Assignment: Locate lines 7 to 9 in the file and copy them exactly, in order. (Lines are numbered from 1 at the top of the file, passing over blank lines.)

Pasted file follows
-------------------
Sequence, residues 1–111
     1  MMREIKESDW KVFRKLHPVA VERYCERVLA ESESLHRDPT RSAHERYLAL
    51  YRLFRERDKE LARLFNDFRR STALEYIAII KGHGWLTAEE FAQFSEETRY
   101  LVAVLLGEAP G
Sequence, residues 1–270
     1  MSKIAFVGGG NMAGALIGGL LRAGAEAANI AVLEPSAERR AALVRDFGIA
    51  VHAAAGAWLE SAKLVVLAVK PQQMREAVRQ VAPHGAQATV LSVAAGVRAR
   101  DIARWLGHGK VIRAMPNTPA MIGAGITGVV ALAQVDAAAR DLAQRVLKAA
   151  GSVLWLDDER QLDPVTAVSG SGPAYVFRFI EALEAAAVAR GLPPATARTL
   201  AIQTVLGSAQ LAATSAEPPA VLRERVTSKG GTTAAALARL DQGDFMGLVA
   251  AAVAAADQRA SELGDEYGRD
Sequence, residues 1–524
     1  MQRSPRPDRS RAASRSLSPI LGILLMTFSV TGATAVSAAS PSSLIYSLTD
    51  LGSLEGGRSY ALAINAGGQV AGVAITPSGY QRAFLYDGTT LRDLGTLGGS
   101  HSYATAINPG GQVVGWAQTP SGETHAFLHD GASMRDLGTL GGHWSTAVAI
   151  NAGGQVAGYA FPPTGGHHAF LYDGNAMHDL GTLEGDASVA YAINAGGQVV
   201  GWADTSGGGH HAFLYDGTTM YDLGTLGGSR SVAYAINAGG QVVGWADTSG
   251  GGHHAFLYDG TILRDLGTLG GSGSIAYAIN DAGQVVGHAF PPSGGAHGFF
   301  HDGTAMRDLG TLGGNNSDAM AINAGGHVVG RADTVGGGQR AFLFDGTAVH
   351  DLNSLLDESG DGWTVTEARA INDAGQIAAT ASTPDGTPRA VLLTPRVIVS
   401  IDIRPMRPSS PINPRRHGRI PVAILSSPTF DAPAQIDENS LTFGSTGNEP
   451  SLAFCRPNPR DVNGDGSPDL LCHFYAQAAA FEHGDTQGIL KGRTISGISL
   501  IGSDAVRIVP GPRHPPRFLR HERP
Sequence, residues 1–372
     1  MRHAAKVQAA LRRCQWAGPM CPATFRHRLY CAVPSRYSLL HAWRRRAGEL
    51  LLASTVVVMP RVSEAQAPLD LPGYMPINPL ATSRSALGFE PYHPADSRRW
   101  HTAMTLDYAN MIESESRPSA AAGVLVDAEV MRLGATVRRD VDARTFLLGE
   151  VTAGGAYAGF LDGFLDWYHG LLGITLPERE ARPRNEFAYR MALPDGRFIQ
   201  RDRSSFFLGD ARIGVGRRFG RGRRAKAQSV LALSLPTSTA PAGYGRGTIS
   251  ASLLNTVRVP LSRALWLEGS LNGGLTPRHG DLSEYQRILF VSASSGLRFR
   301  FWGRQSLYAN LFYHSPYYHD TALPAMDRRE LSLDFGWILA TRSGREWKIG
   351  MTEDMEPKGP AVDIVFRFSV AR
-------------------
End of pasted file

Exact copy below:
    51  VHAAAGAWLE SAKLVVLAVK PQQMREAVRQ VAPHGAQATV LSVAAGVRAR
   101  DIARWLGHGK VIRAMPNTPA MIGAGITGVV ALAQVDAAAR DLAQRVLKAA
   151  GSVLWLDDER QLDPVTAVSG SGPAYVFRFI EALEAAAVAR GLPPATARTL